Curation and the paradox of user-generated radio

I’ve been having a quick play with Turntable.fm since signing up last night and it’s got me thinking about user-generated and user-controlled radio, which is something I was involved with at Absolute Radio with the dabbl project.

Internet radio listening is a pretty small proportion of overall radio listening, and I wouldn’t suggest otherwise in the near future, even if just to escape the wrath of James Cridland. So then you have user-generated radio as a niche within that area, and yet there are a number of services which have been joined by Turntable FM…

Those are the immediate ones which spring to mind, and you could possible include the likes of Spotify (Although the social playlist sharing really takes place outside of it) or mFlow. And there are an increasing number of social sharing music apps for smartphones.

In an age of democratisation of content creation and particularly at the moment, content curation, it seems as if simple and easy user-generated radio is an obvious desire and fit. Make it quick, simple and easy, and you don’t have to worry about on-air talent or programme managers. And at the same time, everyone will love and share the service because they’re involved, engaged and that’s what social networks are all about.

So you’ve got Blip.fm, which has been around for ages, and is in effect a musical microblogging service which produces an effect of crowdsourcing John Peel as you follow a network of users all ‘blipping’ individual tracks.

You’ve got Jelli which has the benefit of pretty quick and simple ways to vote for tracks which may get played with enough votes, and the added incentive of hearing your choices actually play on a number of U.S radio stations. This was also the model for dabbl, although the track selection was more controlled by the Absolute Radio team to enable a more consistent listening experience.

And you’ve got Mixcloud, which is probably my favourite for actually relaxing and listening to great music – particularly the soul and funk mixes of the user HeavySoulBrutha.

Increasingly all of those services are interlinked with Facebook and Twitter, allowing for a high level of integration where the people are.

And yet, something just never quites fit right from a purely consumer point of view (I’m not going to go into the problems of licensing and running a UGC music service).

I’m struggling to define it accurately, but for me it’s almost impossible to find the right sweet spot between involvement and the listening experience.

Blip.fm can be hugely fun for a while, but also massively jarring when random songs are played after each other. Jelli and dabbl both did a reasonable job of allowing you to have an input into station output, but always with caveats over how much impact you have as an individual – and that impact will always lessen the more popular the service becomes, meaning that your aim to be able to play and get respect for the music you love is always slightly at odds with that of the service to become massively popular and afford the server costs.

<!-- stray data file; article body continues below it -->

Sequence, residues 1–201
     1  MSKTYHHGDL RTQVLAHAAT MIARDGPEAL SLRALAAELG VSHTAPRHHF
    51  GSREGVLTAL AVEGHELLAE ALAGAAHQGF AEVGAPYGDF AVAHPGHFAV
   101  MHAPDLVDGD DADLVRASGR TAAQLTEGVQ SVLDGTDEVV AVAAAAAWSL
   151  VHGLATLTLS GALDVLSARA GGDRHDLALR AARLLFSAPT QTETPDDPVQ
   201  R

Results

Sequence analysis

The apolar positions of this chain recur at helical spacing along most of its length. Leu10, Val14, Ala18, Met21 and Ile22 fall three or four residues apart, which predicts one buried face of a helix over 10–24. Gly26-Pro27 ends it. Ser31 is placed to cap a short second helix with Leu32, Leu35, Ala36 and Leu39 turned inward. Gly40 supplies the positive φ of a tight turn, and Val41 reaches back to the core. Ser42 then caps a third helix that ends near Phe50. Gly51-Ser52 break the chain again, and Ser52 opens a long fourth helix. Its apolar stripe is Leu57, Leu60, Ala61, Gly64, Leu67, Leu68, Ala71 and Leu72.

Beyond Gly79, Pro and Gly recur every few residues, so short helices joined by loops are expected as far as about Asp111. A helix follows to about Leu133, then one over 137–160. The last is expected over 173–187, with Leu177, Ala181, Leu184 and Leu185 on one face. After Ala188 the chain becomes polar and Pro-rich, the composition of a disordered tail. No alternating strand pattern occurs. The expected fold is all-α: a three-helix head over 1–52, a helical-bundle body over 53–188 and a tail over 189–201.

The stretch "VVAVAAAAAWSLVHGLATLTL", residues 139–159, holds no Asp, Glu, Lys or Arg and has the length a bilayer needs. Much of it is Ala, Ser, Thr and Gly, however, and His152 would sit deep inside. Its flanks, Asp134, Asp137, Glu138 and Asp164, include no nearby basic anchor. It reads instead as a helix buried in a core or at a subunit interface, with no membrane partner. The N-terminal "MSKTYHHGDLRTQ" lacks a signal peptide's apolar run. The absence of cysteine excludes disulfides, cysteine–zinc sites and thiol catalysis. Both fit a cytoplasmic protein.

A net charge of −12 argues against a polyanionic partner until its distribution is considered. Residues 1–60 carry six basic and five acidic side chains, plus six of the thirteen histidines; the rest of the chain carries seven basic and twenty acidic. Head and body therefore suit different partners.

Mixcloud actually has the best listening experience, and I think that’s because the perceived barrier to entry is higher – you need to actually create a decent mix of tunes and upload it yourself, meaning that a higher level of curation and DJ ability goes on. That compares with Turntable which allows for recognition and point scoring, but the impressive speed of track selection and playing tends to mean that you get a more random listening experience. Turntable is still in limited access at the moment, but unless it gets really popular, it’s still going to be easy for someone to jump onto the decks and play something completely out of kilter with the rest of the room.

The reason I struggle is that open democratisation and curation of text, images and video services has been a great thing. I read a lot of sources I wouldn’t ordinarily discover and the quality ratio is pretty high. The same goes for photos and videos. And in my network, I should benefit from knowing a higher-than-average number of musical experts, but it never seems to play out like that.

So why do you think user-generated and user-curated music services struggle so much in comparison with other art forms? Is it something inherent in music itself? Is it that the skill of curating a selection of music is less attainable?

Or is it the lack of human interactivity which is missing? With a traditional DJ on the radio, you get their opinions and entertainment in between records. With dance and club DJs, you get to see the human behind the turntables or laptop. But with user-generated radio online that element is a lot more subdued, and hasn’t really been brought out by any service yet, without a lot more effort on the part of the listener.

Could it be true that human-generated radio is actually just missing essential elements of humanity?